The more I think about Tim’s grocery line congestion example, the less useful I think it is as a comparison point for congestion tolling. The grocery market is simply too variegated to tell us much about consumer preferences. Although I do think it’s fair to say that, generally speaking, the fewer grocery-obtaining options a person has, the more likely they are to wait in a line, and not because there’s a correlation between between having few options and enjoyment of queuing. To the extent that we can draw lessons from the grocery example, I think they tell us that congestion pricing would improve user utility.
But the biggest flaw with the grocery analogy is this: checking out takes a non-trivial amount of time, whereas automobile toll-paying does not. So, if we have a toll lane with no item limit, the toll is of limited use to other customers, because they still have to wait for the person in front of them to check out, which can take a while. On the other hand, if you have a toll lane with an item limit, the item limit is doing most of the work in both speeding the flow of the line and deterring sufficient entry to the line to make it a true express lane. Because the toll adds little additional value, customers would be unlikely to pay to use the lane. They would be happy to use untolled, item-limited lanes, however, which are a universal feature of the modern grocery store.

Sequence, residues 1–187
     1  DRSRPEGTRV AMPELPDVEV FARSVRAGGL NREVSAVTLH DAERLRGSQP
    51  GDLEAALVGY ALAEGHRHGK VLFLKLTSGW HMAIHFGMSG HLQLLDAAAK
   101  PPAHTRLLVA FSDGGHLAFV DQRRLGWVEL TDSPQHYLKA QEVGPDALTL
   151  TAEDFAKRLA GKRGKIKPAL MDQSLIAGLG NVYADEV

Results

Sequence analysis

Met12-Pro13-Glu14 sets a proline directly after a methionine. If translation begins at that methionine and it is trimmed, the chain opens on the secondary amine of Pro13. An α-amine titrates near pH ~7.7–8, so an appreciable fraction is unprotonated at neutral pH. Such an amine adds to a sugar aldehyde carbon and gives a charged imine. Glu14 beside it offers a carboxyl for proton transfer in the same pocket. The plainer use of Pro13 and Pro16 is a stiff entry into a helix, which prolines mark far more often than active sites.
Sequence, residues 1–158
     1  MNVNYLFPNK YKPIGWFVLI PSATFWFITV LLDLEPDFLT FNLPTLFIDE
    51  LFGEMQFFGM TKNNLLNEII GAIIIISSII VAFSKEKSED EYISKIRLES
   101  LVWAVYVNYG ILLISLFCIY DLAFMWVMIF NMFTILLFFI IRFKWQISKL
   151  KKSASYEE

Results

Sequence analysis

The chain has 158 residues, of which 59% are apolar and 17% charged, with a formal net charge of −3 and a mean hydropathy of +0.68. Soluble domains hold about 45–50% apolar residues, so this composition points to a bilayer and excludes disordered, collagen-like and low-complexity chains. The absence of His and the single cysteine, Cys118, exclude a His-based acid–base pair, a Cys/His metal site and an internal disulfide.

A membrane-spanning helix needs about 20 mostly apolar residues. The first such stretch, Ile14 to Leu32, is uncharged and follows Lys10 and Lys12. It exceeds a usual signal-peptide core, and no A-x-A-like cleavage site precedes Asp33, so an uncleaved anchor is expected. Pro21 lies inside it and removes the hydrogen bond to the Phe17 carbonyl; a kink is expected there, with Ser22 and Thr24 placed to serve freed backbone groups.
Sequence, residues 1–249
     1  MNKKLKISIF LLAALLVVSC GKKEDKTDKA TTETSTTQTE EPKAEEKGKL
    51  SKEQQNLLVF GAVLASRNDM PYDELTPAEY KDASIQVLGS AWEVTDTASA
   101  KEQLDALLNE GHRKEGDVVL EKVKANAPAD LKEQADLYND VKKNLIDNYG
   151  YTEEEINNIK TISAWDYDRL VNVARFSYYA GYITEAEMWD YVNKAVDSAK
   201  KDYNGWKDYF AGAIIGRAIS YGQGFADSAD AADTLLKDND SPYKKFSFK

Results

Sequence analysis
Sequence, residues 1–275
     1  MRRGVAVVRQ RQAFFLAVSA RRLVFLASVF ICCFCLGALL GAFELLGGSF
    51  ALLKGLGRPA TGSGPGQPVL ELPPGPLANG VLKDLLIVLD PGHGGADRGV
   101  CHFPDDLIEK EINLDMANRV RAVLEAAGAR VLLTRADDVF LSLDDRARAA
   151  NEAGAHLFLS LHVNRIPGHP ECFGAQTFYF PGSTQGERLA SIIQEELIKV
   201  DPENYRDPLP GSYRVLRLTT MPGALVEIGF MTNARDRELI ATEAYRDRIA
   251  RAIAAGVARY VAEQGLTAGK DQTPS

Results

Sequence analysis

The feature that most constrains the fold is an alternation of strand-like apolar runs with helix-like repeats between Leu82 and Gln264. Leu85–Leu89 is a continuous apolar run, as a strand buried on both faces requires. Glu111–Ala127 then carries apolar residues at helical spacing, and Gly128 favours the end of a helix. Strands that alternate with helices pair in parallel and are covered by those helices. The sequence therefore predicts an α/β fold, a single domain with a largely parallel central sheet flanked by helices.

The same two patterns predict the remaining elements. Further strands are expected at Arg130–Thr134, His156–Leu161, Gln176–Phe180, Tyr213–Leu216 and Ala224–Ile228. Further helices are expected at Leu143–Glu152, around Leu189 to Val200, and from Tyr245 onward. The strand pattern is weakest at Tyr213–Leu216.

So again, this is not a particularly apt comparison, but to the extent that it is, it suggests that congestion tolls on roads would probably enhance the user experience.